Bose Corp. looks pretty bad for allegedly “spying” on users of its Bose Connect headphone app. A class-action lawsuit filed yesterday in the Northern District of Illinois, alleges violations of the Federal Wiretap Act and other laws that protect consumer privacy.
Plaintiff Kyle Zak (rather, his attorneys) claims Bose collects listener information through the app, and shares that data with at least one party: the data-mining firm Segment.io.
The lawsuit uses a bunch of damning language, lambasting Bose for “secretly collecting, transmitting, and disclosing its customers’ private music and audio selections to third parties, including a data mining company.”
The attorneys note that one’s personal audio selections “provide an incredible amount of insight into his or her personality, behavior, political views, and personal identity.”
Music selections, for example, could reveal if a listener is Muslim, gay, HIV-positive or autistic.
Indeed, such data if exposed could enrich a lot of companies or destroy a lot of individual lives. But there’s no suggestion in the lawsuit that Bose actually shared any data outside its walls except for Segment.io.
Segment.io helps companies crunch data from their users in order to inform their product, marketing and strategic roadmaps.
I’m guessing in this case, Bose didn’t actually share personal identifiable information with anyone at Segment (or Bose itself). Rather, they likely used Segment’s API to crunch the numbers. I’m guessing also that Bose – with all its fancy lawyers – is pretty protective of this data and the privacy of its customers.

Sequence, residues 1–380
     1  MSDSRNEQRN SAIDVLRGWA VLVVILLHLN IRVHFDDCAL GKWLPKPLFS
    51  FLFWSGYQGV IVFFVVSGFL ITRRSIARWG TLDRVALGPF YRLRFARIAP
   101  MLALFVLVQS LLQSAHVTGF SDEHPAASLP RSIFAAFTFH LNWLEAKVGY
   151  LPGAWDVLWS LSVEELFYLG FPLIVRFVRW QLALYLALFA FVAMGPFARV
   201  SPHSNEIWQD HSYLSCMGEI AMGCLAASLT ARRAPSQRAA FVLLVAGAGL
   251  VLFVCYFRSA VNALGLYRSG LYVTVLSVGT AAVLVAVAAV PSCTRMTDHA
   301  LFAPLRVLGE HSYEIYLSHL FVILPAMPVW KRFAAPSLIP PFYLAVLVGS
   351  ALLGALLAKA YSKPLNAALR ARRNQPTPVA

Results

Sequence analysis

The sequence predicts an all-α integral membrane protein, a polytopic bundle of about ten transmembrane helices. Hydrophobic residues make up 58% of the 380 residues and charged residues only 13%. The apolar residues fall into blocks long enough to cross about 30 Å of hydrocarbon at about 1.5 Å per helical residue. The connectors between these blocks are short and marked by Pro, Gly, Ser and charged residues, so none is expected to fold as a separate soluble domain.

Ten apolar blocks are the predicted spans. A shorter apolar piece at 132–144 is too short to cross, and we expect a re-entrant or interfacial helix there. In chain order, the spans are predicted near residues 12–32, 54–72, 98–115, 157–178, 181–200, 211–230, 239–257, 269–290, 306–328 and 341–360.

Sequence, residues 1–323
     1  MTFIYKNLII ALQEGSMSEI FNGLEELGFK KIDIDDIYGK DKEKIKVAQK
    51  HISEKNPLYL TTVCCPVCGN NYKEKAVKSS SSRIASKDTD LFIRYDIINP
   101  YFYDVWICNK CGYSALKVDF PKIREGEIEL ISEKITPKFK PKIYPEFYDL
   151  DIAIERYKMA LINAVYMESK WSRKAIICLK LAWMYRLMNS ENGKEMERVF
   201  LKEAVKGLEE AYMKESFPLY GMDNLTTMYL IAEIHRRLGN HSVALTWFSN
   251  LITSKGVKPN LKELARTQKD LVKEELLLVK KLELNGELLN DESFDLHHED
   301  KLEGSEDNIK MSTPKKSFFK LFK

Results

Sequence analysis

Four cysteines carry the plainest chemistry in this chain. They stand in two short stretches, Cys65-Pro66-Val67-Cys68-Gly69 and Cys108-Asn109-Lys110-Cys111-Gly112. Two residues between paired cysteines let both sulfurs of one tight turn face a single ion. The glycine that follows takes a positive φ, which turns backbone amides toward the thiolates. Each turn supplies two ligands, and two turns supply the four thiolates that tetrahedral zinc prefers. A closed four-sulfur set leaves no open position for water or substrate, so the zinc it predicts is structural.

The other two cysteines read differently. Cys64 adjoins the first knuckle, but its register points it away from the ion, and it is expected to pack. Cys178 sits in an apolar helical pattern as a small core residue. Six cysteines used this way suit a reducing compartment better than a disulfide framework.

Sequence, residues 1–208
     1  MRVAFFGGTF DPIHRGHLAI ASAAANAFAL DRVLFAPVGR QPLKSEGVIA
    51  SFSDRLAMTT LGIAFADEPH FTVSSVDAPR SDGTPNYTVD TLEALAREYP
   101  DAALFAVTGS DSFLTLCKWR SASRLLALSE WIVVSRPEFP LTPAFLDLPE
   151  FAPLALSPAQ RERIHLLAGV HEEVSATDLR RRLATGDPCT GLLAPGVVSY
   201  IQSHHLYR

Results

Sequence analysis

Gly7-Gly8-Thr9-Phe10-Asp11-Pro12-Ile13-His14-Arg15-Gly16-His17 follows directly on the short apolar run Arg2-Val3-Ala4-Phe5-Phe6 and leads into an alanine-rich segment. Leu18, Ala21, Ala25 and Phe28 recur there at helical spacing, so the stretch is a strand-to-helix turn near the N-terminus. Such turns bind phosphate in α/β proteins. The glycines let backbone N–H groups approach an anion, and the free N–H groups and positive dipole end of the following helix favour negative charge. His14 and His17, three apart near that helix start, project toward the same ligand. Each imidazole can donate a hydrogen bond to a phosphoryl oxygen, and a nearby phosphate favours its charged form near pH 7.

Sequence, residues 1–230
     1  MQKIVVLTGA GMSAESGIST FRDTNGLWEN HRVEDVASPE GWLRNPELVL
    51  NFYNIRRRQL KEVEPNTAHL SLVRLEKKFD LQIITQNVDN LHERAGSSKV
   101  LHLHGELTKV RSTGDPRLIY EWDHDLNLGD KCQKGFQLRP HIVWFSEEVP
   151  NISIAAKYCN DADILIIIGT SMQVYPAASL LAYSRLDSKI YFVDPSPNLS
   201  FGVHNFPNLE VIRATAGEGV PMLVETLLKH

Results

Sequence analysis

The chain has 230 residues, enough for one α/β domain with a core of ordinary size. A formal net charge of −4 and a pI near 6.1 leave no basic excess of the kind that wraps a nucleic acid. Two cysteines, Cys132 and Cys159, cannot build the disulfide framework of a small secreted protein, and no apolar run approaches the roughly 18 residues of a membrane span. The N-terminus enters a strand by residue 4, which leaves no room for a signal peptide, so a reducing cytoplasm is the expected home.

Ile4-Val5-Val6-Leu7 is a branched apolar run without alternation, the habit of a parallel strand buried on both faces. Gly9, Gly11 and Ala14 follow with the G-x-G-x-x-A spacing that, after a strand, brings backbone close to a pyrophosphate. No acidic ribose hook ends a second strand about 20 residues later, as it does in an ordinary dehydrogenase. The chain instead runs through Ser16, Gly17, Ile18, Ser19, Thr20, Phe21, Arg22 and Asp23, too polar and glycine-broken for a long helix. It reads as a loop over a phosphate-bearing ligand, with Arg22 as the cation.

Let’s just assume Bose didn’t share consumer data with any third-party entity beyond the Segment servers. Let’s also assume the data allegedly collected was done so in aggregate, without clues as to the identity of any individuals.
Should companies be prohibited from “sharing” or “transmitting” data with subcontractors, including “virtual contractors” like cloud-based servers and APIs?
Virtually every respectable purveyor of electronic devices monitors those devices for product performance, user experience, diagnostics, marketing, security, and so many other purposes.
What if Bose were running consumer data through a third-party security provider to check for malware? Would such “sharing” be prohibited under privacy laws?
One important allegation in the lawsuit is that Bose failed to warn consumers about data collection or dissemination.
Even if that’s the case, at what point must suppliers disclose collection or dissemination of data? At what point do we need to advise connected consumers that their connected products might be monitored?
Instead, maybe we should warn consumers, “No one monitors your data; therefore, we cannot look for security breaches, and we cannot make improvements to your devices.”
The plaintiff alleges “few, if any, of its customers would have purchased a Bose Wireless Product in the first place had they known that it would monitor, collect, and transmit their Media Information.”
We know that plaintiff owns a smart phone. Presumably he owns a smart TV or an Internet-connected computer, maybe a connected security camera or alarm system.
And he wouldn’t have purchased a Bose wireless headphone, nor use the Connect app?